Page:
Date of Award

Summer 1991

Document Type

Dissertation

Degree Name

Doctor of Philosophy (PhD)

Department

Psychology

Program/Concentration

Industrial/Organizational Psychology

Committee Director

Glynn D. Coates

Committee Member

Raymond H. Kirby

Committee Member

Fred Freeman

Committee Member

Jeffrey Hendrickson

Abstract

The present study was conducted in two phases to determine design tradeoffs relating to command bar menu and bypass code-based techniques for interacting with computers. Forty eight subjects participated. In the first phase of the experiment, mouse-, chorded key-, and function key-based menu selection techniques were compared. It was found that menus were accessed much faster with spatially mapped function keys as compared to chorded key sequences or mouse inputs, and that relative to mouse inputs compatible letter keys lead to faster command selection times. Further, the function key-based technique yielded the fastest combined access and selection times, the fastest block completion times, and the fewest errors. In the second phase of the experiment, four experimental conditions were produced by crossing two menu input devices (i.e., mouse and keyboard) with two bypass coding structures (i.e., function key-based codes and chorded key-based codes). It was found that the groups which used function key-based codes entered the menu designating portion of the bypass codes faster than those that used chorded key-based codes. The coding structure based on spatially mapped function keys also yielded faster task completion times. Furthermore, there were fewer command substitution errors with this coding structure. Comparisons between the groups with no prior exposure to the code sequences (i.e., the groups that used the mouse to make menu selections during the first phase) revealed that the function key-based technique also led to fewer command ommissions and fewer extraneous command selections. Finally, subjective data showed menus were felt to be easier to learn, less demanding in terms of mental resources, and less anxiety provoking than bypass codes. In contrast, bypass codes were felt to be more natural, more convenient to use, and faster in terms of task times and better in terms of task performance. The findings of this study clearly indicate that both menu- and bypass code-based styles of control should be provided to promote user acceptance. Furthermore, the performance advantages observed for the function key-based technique point to it as the menu selection and bypass technique of choice.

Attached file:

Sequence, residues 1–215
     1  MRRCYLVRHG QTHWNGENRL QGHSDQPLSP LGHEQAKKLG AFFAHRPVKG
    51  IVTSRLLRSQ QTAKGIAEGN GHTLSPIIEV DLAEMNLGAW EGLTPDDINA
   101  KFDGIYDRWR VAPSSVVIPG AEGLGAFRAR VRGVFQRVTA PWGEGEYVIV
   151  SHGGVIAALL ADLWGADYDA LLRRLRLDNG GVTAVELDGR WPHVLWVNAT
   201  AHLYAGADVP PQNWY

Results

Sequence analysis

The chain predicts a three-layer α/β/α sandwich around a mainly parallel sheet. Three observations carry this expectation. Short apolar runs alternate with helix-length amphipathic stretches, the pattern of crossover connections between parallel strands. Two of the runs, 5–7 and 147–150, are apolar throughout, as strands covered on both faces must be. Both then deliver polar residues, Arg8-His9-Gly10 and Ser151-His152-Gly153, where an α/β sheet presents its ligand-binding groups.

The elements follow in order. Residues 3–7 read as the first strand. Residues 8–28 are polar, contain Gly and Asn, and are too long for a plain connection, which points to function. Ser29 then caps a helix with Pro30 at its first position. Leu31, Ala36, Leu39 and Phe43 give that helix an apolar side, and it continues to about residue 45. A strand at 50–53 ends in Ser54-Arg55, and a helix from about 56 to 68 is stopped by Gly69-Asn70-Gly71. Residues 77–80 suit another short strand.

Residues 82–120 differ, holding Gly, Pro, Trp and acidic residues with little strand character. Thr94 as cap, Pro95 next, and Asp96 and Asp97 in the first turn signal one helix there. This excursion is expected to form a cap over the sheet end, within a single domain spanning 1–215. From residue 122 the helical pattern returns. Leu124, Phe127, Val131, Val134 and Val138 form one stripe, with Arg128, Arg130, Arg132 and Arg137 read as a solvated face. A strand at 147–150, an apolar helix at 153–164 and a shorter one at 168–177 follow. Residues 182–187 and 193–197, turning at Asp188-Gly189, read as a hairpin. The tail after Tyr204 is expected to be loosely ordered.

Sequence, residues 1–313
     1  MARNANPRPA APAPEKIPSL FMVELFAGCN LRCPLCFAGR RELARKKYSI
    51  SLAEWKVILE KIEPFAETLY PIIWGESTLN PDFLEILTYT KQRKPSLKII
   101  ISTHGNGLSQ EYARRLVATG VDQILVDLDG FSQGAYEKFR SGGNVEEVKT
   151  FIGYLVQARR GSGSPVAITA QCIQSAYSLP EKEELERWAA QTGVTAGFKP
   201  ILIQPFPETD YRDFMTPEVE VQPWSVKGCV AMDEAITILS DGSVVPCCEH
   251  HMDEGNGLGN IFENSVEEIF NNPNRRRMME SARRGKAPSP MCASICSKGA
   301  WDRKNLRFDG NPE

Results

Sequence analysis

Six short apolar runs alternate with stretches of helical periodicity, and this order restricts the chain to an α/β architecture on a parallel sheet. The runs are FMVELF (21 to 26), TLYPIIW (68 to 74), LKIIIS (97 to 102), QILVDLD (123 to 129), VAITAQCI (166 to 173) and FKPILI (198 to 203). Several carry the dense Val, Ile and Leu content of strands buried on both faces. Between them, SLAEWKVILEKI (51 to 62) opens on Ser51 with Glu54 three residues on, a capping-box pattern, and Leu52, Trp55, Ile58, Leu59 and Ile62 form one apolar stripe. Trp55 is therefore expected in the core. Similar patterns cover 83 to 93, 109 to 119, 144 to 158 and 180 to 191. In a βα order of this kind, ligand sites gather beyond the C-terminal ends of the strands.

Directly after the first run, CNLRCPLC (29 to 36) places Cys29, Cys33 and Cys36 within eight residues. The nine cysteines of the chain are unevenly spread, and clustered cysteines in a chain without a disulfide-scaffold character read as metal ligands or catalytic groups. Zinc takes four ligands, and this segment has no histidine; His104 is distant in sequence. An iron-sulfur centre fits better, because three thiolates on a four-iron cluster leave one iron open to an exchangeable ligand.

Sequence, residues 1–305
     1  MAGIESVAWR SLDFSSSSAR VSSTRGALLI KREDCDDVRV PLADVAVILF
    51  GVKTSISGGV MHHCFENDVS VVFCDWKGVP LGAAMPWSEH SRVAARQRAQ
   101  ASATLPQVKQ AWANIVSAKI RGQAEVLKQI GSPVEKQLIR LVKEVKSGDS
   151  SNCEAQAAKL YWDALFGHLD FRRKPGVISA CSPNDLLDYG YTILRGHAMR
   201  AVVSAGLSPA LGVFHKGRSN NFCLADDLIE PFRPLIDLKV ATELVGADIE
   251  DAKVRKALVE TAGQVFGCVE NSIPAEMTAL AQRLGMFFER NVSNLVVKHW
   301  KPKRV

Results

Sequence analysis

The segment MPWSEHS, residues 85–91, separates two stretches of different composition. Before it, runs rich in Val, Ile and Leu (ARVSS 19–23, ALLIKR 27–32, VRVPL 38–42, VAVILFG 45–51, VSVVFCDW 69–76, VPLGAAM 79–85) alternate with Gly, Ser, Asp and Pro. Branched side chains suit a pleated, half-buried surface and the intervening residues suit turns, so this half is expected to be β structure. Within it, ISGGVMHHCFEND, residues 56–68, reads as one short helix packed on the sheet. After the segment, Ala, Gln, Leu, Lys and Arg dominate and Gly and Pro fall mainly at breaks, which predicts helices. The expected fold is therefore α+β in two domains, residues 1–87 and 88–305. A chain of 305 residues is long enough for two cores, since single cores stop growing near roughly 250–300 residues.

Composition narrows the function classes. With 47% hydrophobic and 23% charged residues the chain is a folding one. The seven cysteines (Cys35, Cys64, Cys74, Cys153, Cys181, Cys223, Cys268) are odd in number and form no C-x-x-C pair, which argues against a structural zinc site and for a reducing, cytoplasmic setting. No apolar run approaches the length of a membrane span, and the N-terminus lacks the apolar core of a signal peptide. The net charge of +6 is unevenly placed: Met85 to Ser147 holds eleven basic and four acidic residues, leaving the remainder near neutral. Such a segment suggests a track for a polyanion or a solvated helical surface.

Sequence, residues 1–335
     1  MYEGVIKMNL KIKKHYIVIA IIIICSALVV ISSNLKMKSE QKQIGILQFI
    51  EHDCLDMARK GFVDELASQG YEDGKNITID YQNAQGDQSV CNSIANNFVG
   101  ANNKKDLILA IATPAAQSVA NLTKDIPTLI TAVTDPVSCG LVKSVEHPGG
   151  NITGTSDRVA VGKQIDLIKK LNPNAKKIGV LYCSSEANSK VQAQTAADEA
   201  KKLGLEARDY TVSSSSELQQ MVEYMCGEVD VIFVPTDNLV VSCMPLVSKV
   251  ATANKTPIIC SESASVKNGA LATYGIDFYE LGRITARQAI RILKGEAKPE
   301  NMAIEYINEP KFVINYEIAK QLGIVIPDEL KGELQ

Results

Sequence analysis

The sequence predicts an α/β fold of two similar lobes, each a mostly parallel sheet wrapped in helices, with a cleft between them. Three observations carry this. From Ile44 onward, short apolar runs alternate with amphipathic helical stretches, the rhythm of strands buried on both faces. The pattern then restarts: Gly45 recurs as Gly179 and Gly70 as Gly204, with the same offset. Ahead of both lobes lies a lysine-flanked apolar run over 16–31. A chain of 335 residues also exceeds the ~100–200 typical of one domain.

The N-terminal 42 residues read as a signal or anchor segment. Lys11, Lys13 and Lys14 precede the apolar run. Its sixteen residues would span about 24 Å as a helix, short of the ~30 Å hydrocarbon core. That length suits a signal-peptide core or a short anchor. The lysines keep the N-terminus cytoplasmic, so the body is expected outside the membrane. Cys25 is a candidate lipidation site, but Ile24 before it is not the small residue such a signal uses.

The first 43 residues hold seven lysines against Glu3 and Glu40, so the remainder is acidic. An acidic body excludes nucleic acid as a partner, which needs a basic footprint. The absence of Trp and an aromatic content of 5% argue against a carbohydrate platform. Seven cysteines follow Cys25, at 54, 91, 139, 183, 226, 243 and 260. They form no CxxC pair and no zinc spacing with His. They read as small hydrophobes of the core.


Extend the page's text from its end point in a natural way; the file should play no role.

DOI

10.25777/7rp4-ps98

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